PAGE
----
“I’d rather feel the benefits of the flames and risk everything, than not feel them, and risk nothing at all.”– Daniel Lyddon
Having bipolar disorder is like standing on the edge of a cliff in a thunderstorm: there’s an intense beauty about it, but ultimately in the end it’s just not a good idea. And that’s okay. It’s a well-known fact that if you play with fire, you just might get burned.
As I’ve put certain things in my life on the backburner (including this blog, for instance) to try and tackle another project, I have definitely spent more time in my head than usual. It’s been both eye-opening and frightening. The wheels are always turning , and even when I’m still being “productive” it can become exhausting on a dangerous level.
So, own it. You must own it. If you don’t own it, it will end up owning you.
Realizing that some of the worst aspects of having bipolar disorder are also some of the best ones makes it easier to use the illusion of ignorance to take advantage of it. You may love it, you may hate it, but you must own it.
It does get easier, though, but not because you get used to it. You just learn to try and brace yourself in a kind of frenzied preparation. No, it doesn’t always work, but you must take advantage of the times when you have some semblance of control. Sometimes you just have to grit your teeth, brace yourself, and hope for the best.
I’ve spent a lot of time lately (more time than usual) trying to be purposefully self-reflective for a bigger project, and although I am thankful for the temporary gift of impulse control and the like, it’s still not hard to get lost in the internal chaos of my mind. And that’s what it is: an intense state of internal (and eternal) chaos that if it’s not completely debilitating, it controls and ultimately destroys you.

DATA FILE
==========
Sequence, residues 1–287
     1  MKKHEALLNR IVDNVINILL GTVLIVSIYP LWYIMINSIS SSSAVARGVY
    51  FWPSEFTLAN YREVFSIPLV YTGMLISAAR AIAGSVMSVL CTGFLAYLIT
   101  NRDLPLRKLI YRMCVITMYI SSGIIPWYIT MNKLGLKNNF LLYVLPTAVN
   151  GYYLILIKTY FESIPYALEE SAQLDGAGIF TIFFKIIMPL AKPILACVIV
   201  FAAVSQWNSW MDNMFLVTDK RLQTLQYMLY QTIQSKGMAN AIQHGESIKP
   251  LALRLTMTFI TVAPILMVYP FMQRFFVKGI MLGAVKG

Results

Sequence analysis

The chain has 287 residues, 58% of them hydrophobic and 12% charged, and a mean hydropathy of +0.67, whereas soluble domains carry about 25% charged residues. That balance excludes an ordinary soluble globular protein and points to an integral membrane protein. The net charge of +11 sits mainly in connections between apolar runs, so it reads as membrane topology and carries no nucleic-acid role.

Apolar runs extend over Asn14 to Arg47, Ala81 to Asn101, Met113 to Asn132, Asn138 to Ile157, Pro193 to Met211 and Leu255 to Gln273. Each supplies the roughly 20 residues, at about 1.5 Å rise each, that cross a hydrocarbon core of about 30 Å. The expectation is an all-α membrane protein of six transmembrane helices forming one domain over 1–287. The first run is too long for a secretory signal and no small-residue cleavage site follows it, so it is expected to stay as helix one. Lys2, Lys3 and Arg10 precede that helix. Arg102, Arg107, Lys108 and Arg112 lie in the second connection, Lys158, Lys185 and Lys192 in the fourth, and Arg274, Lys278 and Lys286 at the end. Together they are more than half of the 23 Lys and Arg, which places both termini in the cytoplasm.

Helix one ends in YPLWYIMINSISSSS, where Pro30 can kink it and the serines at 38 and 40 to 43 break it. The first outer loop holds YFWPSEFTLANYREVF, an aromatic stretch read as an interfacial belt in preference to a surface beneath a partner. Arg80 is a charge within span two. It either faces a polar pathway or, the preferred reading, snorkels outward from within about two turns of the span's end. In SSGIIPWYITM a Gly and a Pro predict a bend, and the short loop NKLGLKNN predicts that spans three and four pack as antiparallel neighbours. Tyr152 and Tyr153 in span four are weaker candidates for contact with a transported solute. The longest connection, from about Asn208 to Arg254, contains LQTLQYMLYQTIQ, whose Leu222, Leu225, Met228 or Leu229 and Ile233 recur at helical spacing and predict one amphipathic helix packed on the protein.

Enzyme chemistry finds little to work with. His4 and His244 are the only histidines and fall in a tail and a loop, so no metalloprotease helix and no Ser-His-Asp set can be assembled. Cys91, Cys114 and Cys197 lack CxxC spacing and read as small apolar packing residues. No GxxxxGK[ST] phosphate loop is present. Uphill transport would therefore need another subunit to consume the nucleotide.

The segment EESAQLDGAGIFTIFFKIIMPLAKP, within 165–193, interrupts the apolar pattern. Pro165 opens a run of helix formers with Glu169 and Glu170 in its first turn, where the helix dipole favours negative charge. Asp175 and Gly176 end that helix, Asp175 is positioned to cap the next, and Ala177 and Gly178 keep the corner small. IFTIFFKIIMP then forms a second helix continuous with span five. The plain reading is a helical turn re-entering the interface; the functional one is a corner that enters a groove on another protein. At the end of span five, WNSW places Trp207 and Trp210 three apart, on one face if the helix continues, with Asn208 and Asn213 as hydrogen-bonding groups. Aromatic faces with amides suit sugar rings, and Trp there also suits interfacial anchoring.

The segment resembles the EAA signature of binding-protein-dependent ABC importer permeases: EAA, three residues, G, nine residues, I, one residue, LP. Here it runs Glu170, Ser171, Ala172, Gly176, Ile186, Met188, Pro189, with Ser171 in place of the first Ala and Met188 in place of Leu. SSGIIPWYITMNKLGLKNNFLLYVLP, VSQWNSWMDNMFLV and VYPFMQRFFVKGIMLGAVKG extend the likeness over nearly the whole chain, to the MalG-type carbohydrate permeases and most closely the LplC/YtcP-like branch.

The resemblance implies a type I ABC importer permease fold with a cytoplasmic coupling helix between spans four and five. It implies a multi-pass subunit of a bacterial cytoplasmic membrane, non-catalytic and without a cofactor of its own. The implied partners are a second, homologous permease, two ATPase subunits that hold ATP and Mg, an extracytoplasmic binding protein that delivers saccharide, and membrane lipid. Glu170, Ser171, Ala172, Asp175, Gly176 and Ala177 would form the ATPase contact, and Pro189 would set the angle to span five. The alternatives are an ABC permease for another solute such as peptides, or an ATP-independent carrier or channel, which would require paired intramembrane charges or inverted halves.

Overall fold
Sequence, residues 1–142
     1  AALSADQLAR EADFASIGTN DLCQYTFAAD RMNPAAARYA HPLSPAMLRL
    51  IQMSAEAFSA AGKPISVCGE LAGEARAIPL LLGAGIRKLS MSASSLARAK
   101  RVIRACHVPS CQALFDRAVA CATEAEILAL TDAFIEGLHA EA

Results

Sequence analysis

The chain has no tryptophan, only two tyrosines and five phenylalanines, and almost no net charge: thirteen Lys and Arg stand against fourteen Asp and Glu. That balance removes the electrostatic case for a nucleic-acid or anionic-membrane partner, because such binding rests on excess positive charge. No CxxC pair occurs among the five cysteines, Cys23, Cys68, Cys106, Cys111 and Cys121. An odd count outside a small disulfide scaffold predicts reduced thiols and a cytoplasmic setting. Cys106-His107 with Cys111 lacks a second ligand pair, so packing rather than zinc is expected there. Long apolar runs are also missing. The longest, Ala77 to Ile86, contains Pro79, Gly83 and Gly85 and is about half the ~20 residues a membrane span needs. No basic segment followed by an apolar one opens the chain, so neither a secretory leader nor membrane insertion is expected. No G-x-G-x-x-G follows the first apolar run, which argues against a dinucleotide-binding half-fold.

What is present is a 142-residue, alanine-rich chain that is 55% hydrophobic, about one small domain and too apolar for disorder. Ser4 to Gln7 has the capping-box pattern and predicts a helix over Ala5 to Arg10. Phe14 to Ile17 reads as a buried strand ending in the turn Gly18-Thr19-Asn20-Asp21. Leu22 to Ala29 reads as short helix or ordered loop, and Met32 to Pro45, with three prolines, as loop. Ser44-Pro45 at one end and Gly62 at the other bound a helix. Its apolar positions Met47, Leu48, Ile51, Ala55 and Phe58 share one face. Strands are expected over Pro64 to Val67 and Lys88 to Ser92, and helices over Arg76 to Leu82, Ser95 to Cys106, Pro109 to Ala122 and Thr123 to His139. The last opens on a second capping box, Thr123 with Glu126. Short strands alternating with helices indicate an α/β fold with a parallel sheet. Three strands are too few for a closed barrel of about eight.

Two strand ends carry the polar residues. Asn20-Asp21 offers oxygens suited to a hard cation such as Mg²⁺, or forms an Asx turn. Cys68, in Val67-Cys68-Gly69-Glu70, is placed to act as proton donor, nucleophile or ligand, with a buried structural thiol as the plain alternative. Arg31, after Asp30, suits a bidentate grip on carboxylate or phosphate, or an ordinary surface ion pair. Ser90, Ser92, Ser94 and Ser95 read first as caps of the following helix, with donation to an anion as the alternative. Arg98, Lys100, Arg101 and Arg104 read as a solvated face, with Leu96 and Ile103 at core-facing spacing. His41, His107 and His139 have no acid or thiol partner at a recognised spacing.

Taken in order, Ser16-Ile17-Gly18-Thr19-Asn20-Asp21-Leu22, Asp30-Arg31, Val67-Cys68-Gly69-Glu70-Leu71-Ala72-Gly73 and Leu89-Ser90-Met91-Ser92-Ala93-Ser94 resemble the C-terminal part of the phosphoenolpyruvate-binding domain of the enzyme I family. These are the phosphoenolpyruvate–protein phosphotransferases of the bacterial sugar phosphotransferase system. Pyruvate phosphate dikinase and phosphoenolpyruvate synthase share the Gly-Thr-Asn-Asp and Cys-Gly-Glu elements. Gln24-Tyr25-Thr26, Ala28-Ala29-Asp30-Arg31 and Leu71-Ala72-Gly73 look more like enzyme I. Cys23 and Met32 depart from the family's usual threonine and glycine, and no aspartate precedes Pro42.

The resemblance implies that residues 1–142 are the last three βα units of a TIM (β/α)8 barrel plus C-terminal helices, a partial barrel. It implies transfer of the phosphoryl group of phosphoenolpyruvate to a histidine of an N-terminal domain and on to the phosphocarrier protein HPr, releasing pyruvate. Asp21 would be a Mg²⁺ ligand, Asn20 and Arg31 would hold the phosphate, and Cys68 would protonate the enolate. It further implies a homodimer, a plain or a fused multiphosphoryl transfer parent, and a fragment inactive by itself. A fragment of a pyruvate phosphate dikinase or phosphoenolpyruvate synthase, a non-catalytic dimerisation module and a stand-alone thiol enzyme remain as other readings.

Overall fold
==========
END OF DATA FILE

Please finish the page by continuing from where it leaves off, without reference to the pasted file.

I’m going to return to this blog, not daily, but at least a couple days a week. This is an outlet that lets me share my experiences to help spotlight the topic of bipolar disorder. I hope I’ve done that without coming across as abrasive or pretentious. But I can’t worry about that now.
If all remains the same, March and April will be when I become manic. Maybe it’s because Spring is my favorites season. I used to look at it as a kind of personal beauty, accompanied by an intensity that can only be described as exquisite and capacitating. It ends up zapping you of everything, though. You become drained to a point of complete depression. The cycle is always the same, just like the directions on a shampoo bottle: Wash. Rinse. Repeat.
It’s almost March, and if I continue to share on this blog during this upcoming “event” or period of time, there’s no telling how it’s going to come across. I may be rambling about anything or I may not. We’ll see.
I just have to learn and accept that sometimes to stand out it’s better to just blend in.